Spectacle and spectacular are often confused for one another in stories of epic adventure, but Immortals is the rare film where they are one and the same. Tarsem—a gifted filmmaker who sometimes sacrifices storytelling for visual sumptuousness—lacquers a straightforward narrative to his decadent directorial DNA, producing a genuinely mythic tale of a mortal who becomes a fulcrum between the well-meaning meddling gods and the villainous mischief of man. With any luck the success of its more-superficial stylistic antecedent, Zack Snyder's 300 will rub off on Immortals box office returns, but more likely the flick is poised for cult adulation, not mainstream glory.
Henry Cavill (of TV's The Tudors and our next Superman) plays Theseus, a peasant content to live a life of unassuming anonymity keeping a watchful eye on his mother. His focus is daily survival, not war. But when power-hungry King Hyperion (Mickey Rourke) invades his village in search of a weapon of mythical power, Theseus is forced into action-and thankfully he's been trained by an old man (John Hurt) whose true identity is none other than the king of the gods, Zeus (Luke Evans), who long ago swore off outwardly meddling in human affairs. Theseus slowly assembles a ragtag group of allies that include Stavros (Stephen Dorff) and a priestess named Phaedra (Freida Pinto). But when Hyperion obtains the Epirus Bow and decides to use it against his enemies, the gods are forced to decide whether or not to intervene and save humankind from itself.
Given the participation of 300 producer Mark Canton, the muscles, and the ancient Greece setting, it's easy to dismiss Immortals as a superfluous knockoff with more style than substance. But where Zack Snyder's film owes its look to a visceral combination of Frank Miller's iconic source material and the director's own cinematic excesses, Tarsem's film is steeped in capital-A art. Even as he sets up nasty modern fights, The Cell director invokes the staging and detail of classical artwork. The framing is painterly, the colors are vivid and the choreography is mythic. The visuals aren't just "cool," each shot directly serves the story while giving the viewer something memorable—and better yet, emotionally provocative—to grok.
Although I'm a fan of his two previous films, The Cell and The Fall, it's fair to say that in the past Tarsem sometimes actively encouraged his visuals to overshadow his stories. But his use of filters and camera techniques is never an end unto itself—he uses his stunning toolbox to create atmosphere and character. (Audiences looking for Snyder-style speed-ramping will find that Tarsem uses it sparingly, and less as a self-celebratory flourish than an integral—and awesomely entertaining—example of power, prowess and skill.) The result is an irony-free, magnificently epic style, a hero's journey that's transcendent yet populist.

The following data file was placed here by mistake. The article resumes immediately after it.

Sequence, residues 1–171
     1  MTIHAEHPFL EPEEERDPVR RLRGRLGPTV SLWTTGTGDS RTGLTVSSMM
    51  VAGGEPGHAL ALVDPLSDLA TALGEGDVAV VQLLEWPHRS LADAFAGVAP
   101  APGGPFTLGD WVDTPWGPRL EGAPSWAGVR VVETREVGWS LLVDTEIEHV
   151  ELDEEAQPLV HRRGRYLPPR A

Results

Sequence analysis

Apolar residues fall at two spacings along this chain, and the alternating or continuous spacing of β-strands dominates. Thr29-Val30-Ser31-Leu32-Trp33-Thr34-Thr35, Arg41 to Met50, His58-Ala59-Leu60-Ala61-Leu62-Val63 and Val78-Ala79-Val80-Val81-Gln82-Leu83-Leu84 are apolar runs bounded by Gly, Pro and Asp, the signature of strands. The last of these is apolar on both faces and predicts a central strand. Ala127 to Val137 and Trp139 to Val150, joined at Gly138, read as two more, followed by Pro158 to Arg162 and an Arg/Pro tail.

Cavill is in the unusual position of being better known for an unreleased project—Zack Snyder's Man of Steel—than his current ones. But as he defines his career, Cavill showcases the rugged yet refined masculinity that makes him an ideal leading man. And in Immortals, he proves that has the personality and talent to back it up. While his fellow actors are clearly either peasants or superheroes from the start, he transitions from one to the other with naturalness and believability. Looking good even when he's covered from head to toe in oil, he has a commanding presence and an ease with the formalities of the film's necessarily melodramatic dialogue that never sounds self-aware or silly.
Meanwhile, Evans plays Zeus as an unexpectedly tormented ruler who presides over gods who oddly aspire to be men, even as men aspire to be gods. His struggles with how much (if at all) to intervene in the human war, show the need to preserve the order of this mythical world. Meanwhile, Mickey Rourke's intimidating offscreen presence gives Hyperion's maniacal ambition surprising credulity—he's more practical than he is one-dimensionally villainous. And as the priestess Phaedra, Freida Pinto's incomparable beauty slowly reveals a sophisticated, thoughtful female character desperately yearns to discard her hermetic purity and experience the world in all of its messy mundanity.
Immortals shouldn't be mistaken for unwarranted self-seriousness or frivolous pageantry—this is theatrical adventure shot through with a sincere appreciation for myth-making. Though Tarsem doesn't have the cache of a David Fincher or Zack Snyder, his distinctive style has crossover potential if he continues to find projects that marry his ornate, high-minded sensibility to a more conventional story. If the key to immortality is living a life worth remembering, Tarsem is well on his way, because Immortals is beautiful, smart and emotionally engaging—a combination is as memorable as it is entertaining.
Cast: Mickey Rourke, Henry Cavill, John Hurt, Stephen Dorff, Corey Sevier, Kellan Lutz, Freida Pinto, Isabel Lucas, Alan Van Sprang, Luke Evans, Robert Maillet
Director: Tarsem Singh
Screenwriter: Charles Parlapanides, Vlas Parlapanides
Producers: Mark Canton, Gianni Nunnari, Ryan Kavanaugh
Rating: R for sequences of strong bloody violence, and a scene of sexuality
Running time: 110
Release date: November 11